Did you know that we can help some learning and attention problems by spending time enjoying nature? YES, according to Richard Louv (author of "Last Child in the Woods"), many of our children suffer from “Nature Deficit Disorder”.
Reconnecting the child with nature can bring many emotional, physical and academic benefits.
Personally, I have noticed that a short walk along a hiking trail or weeding my mint bed for a while refreshes me mentally and emotionally, even after a long stressful day. It can work for our kids, too!
According the Texas Parks and Wildlife program, studies show these 10 reasons to get your kids playing outside.
- Be healthier physically and mentally
- Do better in school
- Have higher self-esteem
- Have good self-discipline
- Feel more capable and confident
- Be good problem-solvers
- Be more cooperative with others
- Be more creative
- Feel connected to nature
- Be tomorrow’s conservation leaders
What could be simpler? Get your kids away from the ‘screens’ and OUTDOORS to explore and play! Visit the Texas Parks and Wildlife for inexpensive ways to enjoy the Great Outdoors with your family.
Last summer, I trained Lara in the PACE program for processing and cognitive skills. Before PACE, Lara's processing skills were below age level in Selective Attention, Logic/Reasoning and Auditory Processing. After PACE, those same deficient skills had changed dramatically: Selective Attention, 1.5 years above age level; Logic/Reasoning, 4.6 years above age level; and Auditory Processing, 8.5 years above level. How's that for effective cognitive skills training!
Lara's mother has sent these two reports:
Sept. 24, 2010
Yesterday the school sent home Progress Reports and I am very happy to tell you that Lara made all A's. She has had excellent behavior marks since the first day of school, and she says that she loves school. I don't know what to say except that I am truly grateful to you for all of the time and effort you put into helping us. Lara's confidence and attitude are great. I am keeping a close watch on her work to make sure I give her extra help where she may need it (but so far she hasn't needed any). She seems to be comprehending things more quickly now.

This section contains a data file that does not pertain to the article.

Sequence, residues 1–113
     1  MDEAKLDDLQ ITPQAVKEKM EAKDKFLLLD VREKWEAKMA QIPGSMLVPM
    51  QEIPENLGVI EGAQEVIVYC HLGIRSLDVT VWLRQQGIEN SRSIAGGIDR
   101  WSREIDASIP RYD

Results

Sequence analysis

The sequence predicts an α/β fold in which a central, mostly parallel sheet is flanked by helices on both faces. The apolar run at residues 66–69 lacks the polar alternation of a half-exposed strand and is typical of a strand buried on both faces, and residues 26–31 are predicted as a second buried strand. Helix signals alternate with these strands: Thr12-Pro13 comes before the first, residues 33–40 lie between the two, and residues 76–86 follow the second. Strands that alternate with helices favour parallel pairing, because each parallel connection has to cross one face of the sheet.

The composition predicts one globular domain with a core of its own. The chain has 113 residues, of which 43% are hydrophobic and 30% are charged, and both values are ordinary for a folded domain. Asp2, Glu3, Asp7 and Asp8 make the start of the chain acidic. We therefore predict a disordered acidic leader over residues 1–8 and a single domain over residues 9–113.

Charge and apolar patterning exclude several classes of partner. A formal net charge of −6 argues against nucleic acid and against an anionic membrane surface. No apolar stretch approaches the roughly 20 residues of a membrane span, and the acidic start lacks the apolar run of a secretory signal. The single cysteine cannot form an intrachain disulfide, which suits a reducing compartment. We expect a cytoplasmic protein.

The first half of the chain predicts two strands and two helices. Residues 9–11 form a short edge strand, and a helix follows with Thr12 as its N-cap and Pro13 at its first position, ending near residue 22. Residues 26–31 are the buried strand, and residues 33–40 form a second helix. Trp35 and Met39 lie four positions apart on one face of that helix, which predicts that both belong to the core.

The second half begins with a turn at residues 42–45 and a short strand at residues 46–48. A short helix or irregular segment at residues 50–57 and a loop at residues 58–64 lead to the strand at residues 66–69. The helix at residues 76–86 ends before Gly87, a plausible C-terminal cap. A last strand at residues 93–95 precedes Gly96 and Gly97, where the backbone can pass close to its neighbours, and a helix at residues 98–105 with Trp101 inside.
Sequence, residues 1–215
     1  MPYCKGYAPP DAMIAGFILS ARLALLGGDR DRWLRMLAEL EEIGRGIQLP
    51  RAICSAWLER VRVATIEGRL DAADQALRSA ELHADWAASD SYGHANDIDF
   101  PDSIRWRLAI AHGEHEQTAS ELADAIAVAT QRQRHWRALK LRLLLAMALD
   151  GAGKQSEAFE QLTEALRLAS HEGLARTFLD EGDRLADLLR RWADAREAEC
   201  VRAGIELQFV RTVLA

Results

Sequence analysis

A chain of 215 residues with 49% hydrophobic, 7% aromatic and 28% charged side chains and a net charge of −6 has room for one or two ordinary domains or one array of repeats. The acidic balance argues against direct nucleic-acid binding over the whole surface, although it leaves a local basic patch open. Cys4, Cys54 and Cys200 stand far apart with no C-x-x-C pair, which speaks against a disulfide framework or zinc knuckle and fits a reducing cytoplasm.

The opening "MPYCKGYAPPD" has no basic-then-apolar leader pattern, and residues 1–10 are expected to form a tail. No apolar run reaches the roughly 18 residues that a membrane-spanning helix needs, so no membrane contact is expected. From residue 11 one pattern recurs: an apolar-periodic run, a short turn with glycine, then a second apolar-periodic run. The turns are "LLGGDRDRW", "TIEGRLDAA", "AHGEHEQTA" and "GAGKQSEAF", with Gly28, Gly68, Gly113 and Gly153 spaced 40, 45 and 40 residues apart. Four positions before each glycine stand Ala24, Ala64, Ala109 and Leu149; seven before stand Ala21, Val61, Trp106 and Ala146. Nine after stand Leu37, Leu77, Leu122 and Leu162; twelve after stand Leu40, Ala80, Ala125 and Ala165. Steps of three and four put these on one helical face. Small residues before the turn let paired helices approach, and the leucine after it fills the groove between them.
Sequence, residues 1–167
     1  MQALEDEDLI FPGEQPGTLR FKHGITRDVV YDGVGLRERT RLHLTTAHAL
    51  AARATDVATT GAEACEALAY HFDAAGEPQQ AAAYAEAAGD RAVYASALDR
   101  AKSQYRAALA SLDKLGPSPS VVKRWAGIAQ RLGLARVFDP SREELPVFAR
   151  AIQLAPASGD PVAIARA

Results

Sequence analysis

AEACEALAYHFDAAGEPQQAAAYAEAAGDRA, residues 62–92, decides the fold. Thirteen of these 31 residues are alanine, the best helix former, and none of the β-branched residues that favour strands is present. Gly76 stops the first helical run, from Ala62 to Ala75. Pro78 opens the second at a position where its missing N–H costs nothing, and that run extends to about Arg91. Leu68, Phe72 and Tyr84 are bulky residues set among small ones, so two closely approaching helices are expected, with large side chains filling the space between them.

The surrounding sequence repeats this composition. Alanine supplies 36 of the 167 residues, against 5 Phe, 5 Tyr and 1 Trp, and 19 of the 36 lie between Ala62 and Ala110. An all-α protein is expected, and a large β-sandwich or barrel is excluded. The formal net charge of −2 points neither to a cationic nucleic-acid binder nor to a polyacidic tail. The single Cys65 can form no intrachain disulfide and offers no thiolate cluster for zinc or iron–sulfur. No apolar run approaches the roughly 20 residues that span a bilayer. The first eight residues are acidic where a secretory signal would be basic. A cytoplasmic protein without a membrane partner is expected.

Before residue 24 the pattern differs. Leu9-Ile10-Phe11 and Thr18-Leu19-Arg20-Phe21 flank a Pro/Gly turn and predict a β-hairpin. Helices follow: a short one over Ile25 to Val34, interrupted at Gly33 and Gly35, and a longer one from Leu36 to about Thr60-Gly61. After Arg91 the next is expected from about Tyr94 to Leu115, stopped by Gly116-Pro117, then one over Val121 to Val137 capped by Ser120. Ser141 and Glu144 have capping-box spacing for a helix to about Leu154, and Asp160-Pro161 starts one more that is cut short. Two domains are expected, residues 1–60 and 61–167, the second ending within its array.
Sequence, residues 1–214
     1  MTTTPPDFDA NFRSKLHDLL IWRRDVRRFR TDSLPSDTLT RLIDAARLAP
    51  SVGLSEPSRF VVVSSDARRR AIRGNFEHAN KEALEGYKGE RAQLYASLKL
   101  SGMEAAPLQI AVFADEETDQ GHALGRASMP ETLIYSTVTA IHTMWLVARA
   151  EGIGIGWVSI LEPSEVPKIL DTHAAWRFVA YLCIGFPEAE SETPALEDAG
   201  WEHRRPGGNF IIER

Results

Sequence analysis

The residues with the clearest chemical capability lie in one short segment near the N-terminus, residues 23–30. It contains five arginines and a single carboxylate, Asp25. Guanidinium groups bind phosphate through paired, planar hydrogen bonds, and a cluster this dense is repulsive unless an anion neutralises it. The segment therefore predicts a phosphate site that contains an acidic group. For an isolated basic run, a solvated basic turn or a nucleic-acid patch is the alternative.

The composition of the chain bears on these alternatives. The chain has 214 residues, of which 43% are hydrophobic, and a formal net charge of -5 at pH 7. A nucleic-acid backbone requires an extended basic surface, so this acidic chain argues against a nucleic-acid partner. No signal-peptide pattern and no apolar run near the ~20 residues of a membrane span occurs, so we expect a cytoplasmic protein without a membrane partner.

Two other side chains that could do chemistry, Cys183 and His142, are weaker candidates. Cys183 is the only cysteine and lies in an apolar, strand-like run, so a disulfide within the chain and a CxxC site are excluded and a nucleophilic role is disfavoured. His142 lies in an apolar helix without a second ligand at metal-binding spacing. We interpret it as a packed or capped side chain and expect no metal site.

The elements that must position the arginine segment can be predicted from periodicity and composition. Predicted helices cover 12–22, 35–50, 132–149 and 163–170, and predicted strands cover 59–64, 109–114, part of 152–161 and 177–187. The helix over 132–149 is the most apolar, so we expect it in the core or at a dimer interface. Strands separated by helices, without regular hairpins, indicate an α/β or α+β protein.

Thank you for being so kind and making the Pace program as fun as possible. Lara never complained about going to see you and always had a smile on her face after her sessions with you.
February 23, 2011
Lara is doing excellent. She has been making A's in everything except math, a very strong B+. Her behavior marks have been excellent as well. We both couldn't be happier!
As you read, PACE is a proven program for improving processing skills. Reading skills improve too, though they aren't trained directly with PACE. I have used it to train many students, with great success, for ten years. If you know anyone, of any age, who needs to have their brain skills enhanced, PACE is available in Austin, right here at A+ Learning Solutions.
So many choices! Which one shall I curl up with? I'm currently reading two: "The Fruitful Life" (Jerry Bridges), and "Same Kind of Different as Me" (Ron Hall & Denver Moore).
Thousands of books are readily available to borrow or buy, but which are really worth reading to our children and grandchildren? Which will inspire, encourage and offer characters whose lives are worth emulating?
Librarians often issue reading lists which leave out many classic books. Several years ago, my son brought home "The Face on the Milk Carton", from the recommended and incentivized reading list for the 6th grade. We took turns reading chapters aloud, until I realized that this was a young adult novel, with sexual themes which were not at all appropriate for a 6th grader to be reading. To sub for inferior books, I quickly incentivized the classics on his oak shelving: "Will," I said, "read any of these on the top shelf, and you'll get $5 per book. That's better than a limo ride and a pizza party at the end of the year - right?!" Will agreed and that year read "Swiss Family Robinson", "Huckleberry Finn", "Mrs. Piggle-Wiggle" and other classics.